Deciding on the right secondary school for your child involves quite a bit of careful research. No doubt you’re looking for a school that challenges your child academically, offers stimulating extra-curricular activities, and fosters a supportive and nurturing environment. And if you’re thinking ahead to skills they’ll need to succeed at university and beyond, chances are you’re also looking for a school that is culturally diverse.
Increasingly, parents are searching for ways to encourage a sense of global citizenship in their child.
Global citizenship is about identifying with the world as a whole, rather than just with a specific community, region or country. It’s about appreciating and leveraging different viewpoints, and learning to think “outside the box” – skills our children must hone in order to thrive in a world that just keeps getting smaller. Globalization has made cross-cultural communication the norm – a reality sure to intensify in ways we can barely imagine over the next 10 years.
Read on to find out what it means to become a global citizen and how a multicultural boarding school can help build a strong foundation for personal, academic and professional success.
Students Become Global Citizens Who Think Beyond Borders
Our cities and workplaces are increasingly international, and we are often required to network and collaborate with people from diverse cultural backgrounds. To do this well, we must think beyond our own cultural borders and appreciate difference as an asset. That’s one of the pillars of global citizenship.
But it’s hard to develop those skills at a school where most children come from the same socio-economic and cultural background!
Multicultural boarding schools encourage global citizenship by immersing children in a diverse environment where they’re challenged to consider differing viewpoints and acknowledge their own cultural biases.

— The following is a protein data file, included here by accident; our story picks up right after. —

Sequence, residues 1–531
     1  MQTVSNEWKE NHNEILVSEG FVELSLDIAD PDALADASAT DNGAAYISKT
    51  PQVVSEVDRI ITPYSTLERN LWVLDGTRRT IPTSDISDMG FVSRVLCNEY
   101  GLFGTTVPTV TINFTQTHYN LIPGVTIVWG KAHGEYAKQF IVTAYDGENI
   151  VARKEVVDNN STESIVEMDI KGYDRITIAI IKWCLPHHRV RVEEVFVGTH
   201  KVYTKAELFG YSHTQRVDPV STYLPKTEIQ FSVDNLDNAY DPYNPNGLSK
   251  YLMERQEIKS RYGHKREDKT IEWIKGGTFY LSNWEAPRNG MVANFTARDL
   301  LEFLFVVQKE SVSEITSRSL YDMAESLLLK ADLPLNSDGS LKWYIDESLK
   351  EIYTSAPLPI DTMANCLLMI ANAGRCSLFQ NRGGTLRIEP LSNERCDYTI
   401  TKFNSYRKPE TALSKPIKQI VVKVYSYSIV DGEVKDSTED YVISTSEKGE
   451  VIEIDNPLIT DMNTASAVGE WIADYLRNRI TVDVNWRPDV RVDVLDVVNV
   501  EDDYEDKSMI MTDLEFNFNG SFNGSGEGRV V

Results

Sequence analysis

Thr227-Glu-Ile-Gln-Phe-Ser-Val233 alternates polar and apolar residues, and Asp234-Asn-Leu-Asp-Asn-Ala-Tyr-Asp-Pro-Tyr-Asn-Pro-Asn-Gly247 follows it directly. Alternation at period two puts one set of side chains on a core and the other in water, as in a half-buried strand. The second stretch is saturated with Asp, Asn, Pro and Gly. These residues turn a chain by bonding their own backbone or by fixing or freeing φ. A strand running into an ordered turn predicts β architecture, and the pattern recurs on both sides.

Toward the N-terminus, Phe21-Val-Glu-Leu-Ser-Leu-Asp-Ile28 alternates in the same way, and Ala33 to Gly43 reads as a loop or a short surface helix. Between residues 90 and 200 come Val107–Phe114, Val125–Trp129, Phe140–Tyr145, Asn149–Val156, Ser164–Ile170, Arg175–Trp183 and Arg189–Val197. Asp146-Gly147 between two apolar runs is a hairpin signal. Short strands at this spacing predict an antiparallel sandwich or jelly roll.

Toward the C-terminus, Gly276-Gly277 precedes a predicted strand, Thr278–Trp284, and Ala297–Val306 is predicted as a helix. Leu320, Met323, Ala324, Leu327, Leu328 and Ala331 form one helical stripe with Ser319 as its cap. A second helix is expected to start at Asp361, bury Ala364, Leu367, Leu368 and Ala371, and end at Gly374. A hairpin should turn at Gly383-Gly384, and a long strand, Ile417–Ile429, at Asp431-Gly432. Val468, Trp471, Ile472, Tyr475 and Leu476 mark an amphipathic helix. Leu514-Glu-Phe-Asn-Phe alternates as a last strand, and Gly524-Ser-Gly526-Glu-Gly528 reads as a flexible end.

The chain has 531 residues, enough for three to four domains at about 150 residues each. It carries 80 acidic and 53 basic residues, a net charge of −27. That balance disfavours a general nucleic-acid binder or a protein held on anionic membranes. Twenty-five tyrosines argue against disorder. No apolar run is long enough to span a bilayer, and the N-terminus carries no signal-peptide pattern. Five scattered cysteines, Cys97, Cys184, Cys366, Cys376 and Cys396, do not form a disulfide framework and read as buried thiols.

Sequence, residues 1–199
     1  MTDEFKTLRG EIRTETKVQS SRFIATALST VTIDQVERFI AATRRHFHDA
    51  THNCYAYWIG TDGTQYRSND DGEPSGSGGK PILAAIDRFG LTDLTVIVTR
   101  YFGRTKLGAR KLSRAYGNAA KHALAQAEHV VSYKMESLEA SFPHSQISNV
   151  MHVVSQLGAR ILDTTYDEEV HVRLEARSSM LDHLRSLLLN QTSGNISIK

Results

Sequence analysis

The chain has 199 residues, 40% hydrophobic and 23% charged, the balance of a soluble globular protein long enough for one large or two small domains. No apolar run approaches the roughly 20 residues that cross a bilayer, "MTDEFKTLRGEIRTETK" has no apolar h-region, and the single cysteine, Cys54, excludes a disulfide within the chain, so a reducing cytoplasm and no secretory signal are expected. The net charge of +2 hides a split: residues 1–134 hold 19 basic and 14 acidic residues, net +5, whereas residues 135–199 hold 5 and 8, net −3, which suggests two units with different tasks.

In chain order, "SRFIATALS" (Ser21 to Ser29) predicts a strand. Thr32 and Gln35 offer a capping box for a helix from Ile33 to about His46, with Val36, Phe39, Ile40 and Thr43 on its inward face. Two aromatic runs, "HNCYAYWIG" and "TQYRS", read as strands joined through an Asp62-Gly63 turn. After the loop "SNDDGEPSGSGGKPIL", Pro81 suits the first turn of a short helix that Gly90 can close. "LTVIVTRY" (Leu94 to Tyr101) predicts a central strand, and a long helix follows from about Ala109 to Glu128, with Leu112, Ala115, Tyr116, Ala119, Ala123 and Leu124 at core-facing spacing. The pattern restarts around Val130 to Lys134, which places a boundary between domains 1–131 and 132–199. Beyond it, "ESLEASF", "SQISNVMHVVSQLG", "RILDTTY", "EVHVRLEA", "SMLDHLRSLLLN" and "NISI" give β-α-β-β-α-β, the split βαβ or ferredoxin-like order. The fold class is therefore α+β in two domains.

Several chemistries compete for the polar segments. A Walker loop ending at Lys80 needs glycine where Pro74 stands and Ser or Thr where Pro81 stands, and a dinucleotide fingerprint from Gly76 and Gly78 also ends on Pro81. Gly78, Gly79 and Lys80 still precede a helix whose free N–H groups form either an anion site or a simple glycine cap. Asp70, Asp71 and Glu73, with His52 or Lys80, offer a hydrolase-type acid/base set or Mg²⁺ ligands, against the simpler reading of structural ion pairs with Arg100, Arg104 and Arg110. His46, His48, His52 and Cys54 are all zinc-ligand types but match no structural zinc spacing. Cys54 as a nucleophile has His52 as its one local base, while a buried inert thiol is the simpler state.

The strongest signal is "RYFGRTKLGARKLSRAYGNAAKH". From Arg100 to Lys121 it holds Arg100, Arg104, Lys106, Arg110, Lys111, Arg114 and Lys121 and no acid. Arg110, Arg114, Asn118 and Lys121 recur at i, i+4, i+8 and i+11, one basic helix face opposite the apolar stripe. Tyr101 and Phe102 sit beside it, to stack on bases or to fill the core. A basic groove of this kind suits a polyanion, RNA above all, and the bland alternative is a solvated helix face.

Lakefield College School (LCS), for example, is a member of the world-wide Round Square organization. Round Square, which draws together over 80 schools on five continents, centers its mandate on six core concepts that exemplify the identity of the global citizen:
Not only do students at LCS enjoy daily opportunities to exchange ideas with peers from around the world, they have the chance to attend annual Round Square conferences where they listen to guest speakers and participate in international discussion groups.
Multicultural Schools Foster Advanced Critical Thinking
The ability to step back and evaluate diverse viewpoints, arguments, and ways of doing things is the hallmark of effective critical thinking. This skill is essential for everything from resolving a school yard conflict, to writing a strong essay, to managing a company.
Living at a diverse boarding school offers tremendous opportunities for students to recognize that “their” way of thinking, doing, and being can be quite different from their peers. By working together on classroom projects and sports teams, and learning to live together in residence, students discover how important it is to think critically about their own backgrounds – and be open to other customs, solutions, and approaches.
As a leading boarding school in Canada, LCS challenges students to question their cultural assumptions and develop their collaborative skills – excellent preparation for our world’s future leaders!
Students Build a Competitive Edge for University Admissions
As one of the best boarding schools in Canada, Lakefield boasts a 100% university placement rate. One of the reasons our students are so successful is that they possess both the academic and personal profile universities are looking for. Immersion in an intellectually stimulating, socially diverse learning environment builds maturity, a sense of responsibility, and a focus on reaching one’s full potential. In addition to strong grades, these are the less tangible characteristics today’s universities are looking for.
And because multicultural secondary schools effectively mirror the reality of most universities, admissions staff know that applicants will have little trouble taking their place – and thriving – on progressive and culturally diverse campuses.